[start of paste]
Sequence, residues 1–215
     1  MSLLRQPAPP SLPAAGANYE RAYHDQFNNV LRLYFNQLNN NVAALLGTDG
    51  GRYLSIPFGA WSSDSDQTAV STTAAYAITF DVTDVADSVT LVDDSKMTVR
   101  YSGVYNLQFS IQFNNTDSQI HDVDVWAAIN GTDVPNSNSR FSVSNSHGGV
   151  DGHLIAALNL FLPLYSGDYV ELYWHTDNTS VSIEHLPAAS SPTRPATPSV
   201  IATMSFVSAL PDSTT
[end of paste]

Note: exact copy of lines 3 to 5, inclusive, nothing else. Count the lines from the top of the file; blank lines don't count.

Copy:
    51  GRYLSIPFGA WSSDSDQTAV STTAAYAITF DVTDVADSVT LVDDSKMTVR
   101  YSGVYNLQFS IQFNNTDSQI HDVDVWAAIN GTDVPNSNSR FSVSNSHGGV
   151  DGHLIAALNL FLPLYSGDYV ELYWHTDNTS VSIEHLPAAS SPTRPATPSV